Earlier this week, Texas Governor Greg Abbott blamed the state’s power crisis spurred by the devastating deep freeze on wind and solar energy. “Wind and solar got shut down. They were collectively more than 10% of our power grid, and that thrust Texas into a situation where it was lacking power on a statewide basis.” Others joined him in blaming renewables, but every kind of power generation fell short in the storm; in fact, significantly more natural gas and coal went offline than renewables.
Fossil fuels are not exclusively to blame either- they are responsible for more production in the state, so naturally they were the source of more failures. What actually happened during the catastrophe?
Freezing temperatures caused people across Texas plugging in electric heaters all at once, causing demand to suddenly spike. At the same time, for the same reason, the supply of electricity went down.
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Wind turbines and other renewables did freeze in Texas, but so did natural gas wells, pipelines, pipes at coal and nuclear power plants and equipment panels. Dangerous roads made it difficult for workers to access sites, while natural was being used for heating needs as well as power generation. All of these factors mean that all kinds of power plants simply couldn’t function, and subsequently couldn’t provide enough electricity to go around.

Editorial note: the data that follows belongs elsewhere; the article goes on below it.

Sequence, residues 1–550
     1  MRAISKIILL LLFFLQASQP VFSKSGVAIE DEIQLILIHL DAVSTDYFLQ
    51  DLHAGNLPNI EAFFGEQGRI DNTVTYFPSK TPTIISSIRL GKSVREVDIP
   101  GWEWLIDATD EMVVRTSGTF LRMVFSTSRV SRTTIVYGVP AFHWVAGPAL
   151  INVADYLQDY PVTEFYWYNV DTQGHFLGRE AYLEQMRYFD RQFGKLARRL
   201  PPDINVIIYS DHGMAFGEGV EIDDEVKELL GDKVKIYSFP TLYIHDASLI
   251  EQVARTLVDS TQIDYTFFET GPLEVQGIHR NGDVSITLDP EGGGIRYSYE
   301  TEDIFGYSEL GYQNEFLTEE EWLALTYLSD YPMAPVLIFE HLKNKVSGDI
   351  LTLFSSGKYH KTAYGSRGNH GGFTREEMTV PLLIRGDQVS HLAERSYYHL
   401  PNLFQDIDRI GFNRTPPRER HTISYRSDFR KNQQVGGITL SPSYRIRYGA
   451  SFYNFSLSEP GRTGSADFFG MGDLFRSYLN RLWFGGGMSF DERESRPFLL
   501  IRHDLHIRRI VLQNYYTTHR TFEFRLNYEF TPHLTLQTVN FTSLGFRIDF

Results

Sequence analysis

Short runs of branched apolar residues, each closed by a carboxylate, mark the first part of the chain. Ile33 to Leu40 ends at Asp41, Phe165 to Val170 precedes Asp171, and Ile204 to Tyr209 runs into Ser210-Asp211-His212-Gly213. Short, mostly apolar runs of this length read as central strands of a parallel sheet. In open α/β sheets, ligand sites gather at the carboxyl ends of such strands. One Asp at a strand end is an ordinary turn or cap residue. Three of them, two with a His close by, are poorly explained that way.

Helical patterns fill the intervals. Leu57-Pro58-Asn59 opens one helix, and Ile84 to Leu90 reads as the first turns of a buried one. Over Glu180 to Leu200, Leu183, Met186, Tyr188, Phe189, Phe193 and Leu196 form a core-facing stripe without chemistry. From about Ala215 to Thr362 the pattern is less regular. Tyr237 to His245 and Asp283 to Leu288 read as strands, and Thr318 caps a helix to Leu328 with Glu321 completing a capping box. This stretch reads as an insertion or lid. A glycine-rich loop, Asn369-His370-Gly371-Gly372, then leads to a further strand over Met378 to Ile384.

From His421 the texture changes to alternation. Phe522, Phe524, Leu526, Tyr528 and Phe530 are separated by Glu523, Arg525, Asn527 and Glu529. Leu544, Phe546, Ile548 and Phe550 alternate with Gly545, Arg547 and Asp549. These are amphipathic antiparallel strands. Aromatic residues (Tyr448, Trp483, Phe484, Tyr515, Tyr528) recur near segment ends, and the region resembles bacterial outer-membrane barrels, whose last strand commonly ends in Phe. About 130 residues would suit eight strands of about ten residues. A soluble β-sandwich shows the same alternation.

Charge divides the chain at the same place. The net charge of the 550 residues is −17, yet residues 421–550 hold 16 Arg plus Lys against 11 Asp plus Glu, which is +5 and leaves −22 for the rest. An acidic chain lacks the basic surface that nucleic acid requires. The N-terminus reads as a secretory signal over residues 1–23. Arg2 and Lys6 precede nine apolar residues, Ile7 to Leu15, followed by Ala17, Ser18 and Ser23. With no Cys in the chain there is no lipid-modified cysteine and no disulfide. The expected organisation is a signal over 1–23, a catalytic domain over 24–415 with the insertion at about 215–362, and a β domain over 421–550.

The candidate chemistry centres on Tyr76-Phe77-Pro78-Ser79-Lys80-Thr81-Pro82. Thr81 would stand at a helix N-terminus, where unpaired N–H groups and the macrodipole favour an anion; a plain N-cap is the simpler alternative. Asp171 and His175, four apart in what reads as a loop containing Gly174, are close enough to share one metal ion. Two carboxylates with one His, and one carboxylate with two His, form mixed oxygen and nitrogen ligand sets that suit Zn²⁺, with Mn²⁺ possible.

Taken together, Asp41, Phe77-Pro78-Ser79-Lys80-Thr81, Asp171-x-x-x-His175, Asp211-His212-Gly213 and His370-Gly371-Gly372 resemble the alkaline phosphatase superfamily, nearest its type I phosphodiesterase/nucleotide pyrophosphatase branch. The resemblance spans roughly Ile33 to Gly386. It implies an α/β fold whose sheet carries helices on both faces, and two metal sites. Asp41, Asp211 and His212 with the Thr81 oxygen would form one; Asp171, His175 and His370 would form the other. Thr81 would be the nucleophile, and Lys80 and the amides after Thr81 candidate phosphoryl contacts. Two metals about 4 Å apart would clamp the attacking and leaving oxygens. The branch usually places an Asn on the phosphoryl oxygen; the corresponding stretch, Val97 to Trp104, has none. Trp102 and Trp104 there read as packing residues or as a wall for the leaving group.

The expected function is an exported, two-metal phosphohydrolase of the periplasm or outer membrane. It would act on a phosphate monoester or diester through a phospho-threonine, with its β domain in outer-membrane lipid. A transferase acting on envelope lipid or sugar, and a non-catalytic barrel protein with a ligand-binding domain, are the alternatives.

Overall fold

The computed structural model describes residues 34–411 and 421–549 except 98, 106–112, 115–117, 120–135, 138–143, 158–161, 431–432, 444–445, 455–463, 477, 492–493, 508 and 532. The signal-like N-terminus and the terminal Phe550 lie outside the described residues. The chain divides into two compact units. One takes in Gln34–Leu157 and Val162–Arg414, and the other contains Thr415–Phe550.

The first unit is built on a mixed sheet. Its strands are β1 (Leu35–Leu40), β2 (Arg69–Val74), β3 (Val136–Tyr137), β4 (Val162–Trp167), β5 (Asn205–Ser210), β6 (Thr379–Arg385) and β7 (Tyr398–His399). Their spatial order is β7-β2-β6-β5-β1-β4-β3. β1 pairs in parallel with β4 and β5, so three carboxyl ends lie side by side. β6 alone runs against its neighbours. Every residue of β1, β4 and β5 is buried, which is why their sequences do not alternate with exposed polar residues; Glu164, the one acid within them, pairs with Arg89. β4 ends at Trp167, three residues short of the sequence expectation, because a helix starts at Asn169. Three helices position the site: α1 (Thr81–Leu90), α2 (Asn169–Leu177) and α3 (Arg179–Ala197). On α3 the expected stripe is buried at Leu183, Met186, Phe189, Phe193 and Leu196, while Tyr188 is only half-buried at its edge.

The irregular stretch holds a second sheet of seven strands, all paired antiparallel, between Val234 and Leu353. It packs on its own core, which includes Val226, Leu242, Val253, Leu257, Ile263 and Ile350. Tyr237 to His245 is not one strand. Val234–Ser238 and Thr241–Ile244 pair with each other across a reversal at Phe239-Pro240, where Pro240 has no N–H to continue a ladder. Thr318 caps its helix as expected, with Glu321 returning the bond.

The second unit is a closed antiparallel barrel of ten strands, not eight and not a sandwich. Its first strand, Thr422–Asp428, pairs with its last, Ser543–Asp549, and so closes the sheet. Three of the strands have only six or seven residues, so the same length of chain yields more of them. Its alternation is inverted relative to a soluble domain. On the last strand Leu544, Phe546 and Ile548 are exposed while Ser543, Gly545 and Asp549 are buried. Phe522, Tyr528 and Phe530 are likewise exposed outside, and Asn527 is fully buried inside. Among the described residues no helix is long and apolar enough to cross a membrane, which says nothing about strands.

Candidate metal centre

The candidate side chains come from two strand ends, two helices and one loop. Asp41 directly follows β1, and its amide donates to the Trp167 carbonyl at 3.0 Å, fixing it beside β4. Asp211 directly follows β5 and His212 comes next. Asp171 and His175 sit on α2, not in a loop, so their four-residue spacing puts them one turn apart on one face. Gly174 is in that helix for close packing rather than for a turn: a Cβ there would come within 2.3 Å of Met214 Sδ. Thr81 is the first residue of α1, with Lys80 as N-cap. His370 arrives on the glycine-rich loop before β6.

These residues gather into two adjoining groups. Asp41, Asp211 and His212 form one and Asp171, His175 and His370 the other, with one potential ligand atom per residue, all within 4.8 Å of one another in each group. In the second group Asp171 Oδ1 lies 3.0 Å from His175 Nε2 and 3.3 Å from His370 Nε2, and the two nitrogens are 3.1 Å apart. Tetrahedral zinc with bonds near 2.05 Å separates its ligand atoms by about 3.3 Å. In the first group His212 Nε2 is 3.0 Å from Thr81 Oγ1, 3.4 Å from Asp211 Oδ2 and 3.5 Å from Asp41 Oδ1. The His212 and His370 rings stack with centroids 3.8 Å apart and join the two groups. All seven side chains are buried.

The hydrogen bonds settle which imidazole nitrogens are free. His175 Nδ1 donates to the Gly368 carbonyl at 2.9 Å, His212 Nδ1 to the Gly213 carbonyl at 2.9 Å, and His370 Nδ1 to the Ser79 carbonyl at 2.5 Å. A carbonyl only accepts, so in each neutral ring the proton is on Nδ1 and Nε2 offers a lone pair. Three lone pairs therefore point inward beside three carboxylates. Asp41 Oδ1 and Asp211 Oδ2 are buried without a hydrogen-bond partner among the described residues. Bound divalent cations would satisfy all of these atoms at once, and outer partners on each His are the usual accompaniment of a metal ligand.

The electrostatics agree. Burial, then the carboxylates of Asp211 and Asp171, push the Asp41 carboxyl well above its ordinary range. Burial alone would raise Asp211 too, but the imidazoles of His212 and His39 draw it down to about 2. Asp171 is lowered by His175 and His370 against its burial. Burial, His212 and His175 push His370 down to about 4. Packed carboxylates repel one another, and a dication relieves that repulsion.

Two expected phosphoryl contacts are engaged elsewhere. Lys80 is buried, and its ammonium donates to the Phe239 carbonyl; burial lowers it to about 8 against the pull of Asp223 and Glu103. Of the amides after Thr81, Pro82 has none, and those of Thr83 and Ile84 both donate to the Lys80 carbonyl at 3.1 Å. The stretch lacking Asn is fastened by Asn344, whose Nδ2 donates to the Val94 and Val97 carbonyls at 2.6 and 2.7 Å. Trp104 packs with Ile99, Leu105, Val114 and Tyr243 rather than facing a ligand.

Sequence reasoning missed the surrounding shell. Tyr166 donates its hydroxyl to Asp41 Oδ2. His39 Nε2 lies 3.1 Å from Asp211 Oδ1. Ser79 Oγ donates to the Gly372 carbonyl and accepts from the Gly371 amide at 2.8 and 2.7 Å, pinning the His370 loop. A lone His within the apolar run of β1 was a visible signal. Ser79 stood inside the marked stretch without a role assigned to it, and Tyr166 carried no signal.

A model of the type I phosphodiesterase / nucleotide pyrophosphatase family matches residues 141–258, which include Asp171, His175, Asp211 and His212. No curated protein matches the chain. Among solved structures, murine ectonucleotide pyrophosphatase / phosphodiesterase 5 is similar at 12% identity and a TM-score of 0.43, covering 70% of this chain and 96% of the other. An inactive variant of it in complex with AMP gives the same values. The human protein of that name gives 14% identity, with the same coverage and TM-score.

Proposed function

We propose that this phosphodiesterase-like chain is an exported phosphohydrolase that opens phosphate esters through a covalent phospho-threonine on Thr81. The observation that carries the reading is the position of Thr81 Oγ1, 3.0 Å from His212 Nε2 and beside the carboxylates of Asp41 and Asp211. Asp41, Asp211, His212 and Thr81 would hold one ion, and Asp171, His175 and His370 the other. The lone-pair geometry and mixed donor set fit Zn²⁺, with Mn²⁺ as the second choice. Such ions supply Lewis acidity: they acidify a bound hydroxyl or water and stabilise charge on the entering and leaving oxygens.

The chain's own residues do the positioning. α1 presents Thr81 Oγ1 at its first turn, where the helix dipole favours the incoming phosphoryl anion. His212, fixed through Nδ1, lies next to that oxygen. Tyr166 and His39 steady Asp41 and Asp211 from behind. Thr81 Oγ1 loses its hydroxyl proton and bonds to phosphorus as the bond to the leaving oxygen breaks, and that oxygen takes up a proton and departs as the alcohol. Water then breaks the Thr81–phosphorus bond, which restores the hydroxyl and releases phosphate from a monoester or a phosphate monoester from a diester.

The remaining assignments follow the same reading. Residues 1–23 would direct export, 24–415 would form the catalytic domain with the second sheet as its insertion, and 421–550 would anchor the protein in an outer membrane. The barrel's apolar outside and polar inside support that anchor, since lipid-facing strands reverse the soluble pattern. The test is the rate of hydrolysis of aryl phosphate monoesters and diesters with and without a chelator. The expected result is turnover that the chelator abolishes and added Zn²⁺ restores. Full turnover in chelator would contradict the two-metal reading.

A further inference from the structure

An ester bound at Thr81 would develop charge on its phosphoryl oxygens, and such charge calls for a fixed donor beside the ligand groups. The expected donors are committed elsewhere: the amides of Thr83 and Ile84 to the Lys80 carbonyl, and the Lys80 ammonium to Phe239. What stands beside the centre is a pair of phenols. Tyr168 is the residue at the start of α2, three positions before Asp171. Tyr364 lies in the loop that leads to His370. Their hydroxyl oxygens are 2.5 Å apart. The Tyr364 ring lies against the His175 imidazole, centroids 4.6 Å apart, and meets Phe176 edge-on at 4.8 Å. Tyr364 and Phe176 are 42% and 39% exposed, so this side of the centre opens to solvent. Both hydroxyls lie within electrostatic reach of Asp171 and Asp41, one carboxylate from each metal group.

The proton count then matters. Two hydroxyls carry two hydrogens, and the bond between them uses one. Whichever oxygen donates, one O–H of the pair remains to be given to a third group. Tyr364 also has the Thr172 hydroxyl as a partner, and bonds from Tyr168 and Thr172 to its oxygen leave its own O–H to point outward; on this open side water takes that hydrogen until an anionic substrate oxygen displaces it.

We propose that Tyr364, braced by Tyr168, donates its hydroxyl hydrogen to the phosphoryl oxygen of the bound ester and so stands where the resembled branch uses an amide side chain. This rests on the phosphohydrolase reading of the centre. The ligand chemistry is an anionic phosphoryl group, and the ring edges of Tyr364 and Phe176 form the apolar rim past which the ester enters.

Electric grids need to maintain a balance between supply and demand at all times or risk failures. With supply so inadequate, and demand so high, the Electric Reliability Council of Texas had to force demand down with outages.
While it is possible to operate pipelines, power plants and windmills in subzero temperatures (we see it in cold climates), Texas’ power grid is designed to meet peak demand in the summer; it’s not built for high winter demand.
The role of policy will no doubt be examined in the months to come. Natural gas is prioritised for homes over fuel for power plants, and Texas doesn’t share power with nearby states because it wants to avoid federal regulation.
Moreover, after a freeze 10 years ago, Texas recommended that power plants prepare for freak cold weather, but because the power grid is privatised in Texas, these measures were never made mandatory. Besides, they were expensive to implement.
Lori Bird, who directs the US energy programme at the World Resources Institute, says, “I think the key point here is that we need to be prepared for these extreme events, today and in the future, no matter what the generation sources [are]. Because I think this event shows that all generation sources are vulnerable to these extreme events. Blaming wind and solar is a political move. What’s really needed- in Texas and elsewhere- is better preparation.”
Featured image by: Flickr